UCLA has established the Pourdavoud Center for the Study of the Iranian World, the first center in the Western Hemisphere that aims to advance the knowledge of ancient Iranian languages, history and religions.

Courtesy of Anahita Lovelace
Ebrahim Pourdavoud

The center is named for the late Ebrahim Pourdavoud, a pioneering scholar of ancient Persia and a professor in Europe, Iran and Iraq. The center was made possible by a gift from his granddaughter, Anahita Naficy Lovelace, and her husband, James Lovelace.

“My grandfather devoted a lifetime to the study of the history, languages, religions and culture of ancient Iran. I am so grateful that Jim and I have the good fortune to be able to honor and extend the impact of his important contributions,” Anahita Lovelace said.

Anahita and James Lovelace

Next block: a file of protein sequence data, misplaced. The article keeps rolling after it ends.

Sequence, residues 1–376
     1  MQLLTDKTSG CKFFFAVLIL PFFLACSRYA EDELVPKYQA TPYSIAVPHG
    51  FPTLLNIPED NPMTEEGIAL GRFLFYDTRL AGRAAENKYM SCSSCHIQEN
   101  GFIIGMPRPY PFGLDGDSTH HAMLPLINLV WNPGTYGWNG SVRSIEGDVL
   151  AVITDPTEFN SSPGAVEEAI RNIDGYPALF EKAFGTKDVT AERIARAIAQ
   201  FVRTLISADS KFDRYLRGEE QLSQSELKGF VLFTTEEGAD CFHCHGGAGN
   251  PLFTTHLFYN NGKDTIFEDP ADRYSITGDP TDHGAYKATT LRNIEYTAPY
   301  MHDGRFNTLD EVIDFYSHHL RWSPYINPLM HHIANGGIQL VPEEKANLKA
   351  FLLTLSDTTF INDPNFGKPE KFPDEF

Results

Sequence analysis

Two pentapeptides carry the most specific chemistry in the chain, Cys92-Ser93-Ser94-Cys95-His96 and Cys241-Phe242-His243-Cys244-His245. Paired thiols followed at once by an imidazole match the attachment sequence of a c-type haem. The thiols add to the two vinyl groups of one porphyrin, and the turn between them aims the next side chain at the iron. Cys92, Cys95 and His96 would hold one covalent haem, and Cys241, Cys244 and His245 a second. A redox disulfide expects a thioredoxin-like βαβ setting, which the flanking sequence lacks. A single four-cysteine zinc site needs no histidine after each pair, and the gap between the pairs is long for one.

The mission of the Pourdavoud center is to engage in transformative research on all aspects of Iranian antiquity — including its reception in the medieval and modern periods — by expanding on the traditional domains of Old Iranian studies and promoting cross-cultural and interdisciplinary scholarship. The center will complement UCLA’s well-established doctoral program in Iranian studies — founded half a century ago in 1963 — which attracts 1,000 students from all over campus to its courses each year.

“At UCLA, we recognize that the study of ancient cultures is more important today than ever,” said David Schaberg, dean of humanities in the UCLA College. “It reveals the rich tapestry of human history and identity, and allows us to understand and uphold the highest values our forebears espoused.”

The gift is part of the $4.2 billion UCLA Centennial Campaign, which is scheduled to conclude in December 2019 during UCLA’s 100th anniversary year.

The complete story is posted on this UCLA College website.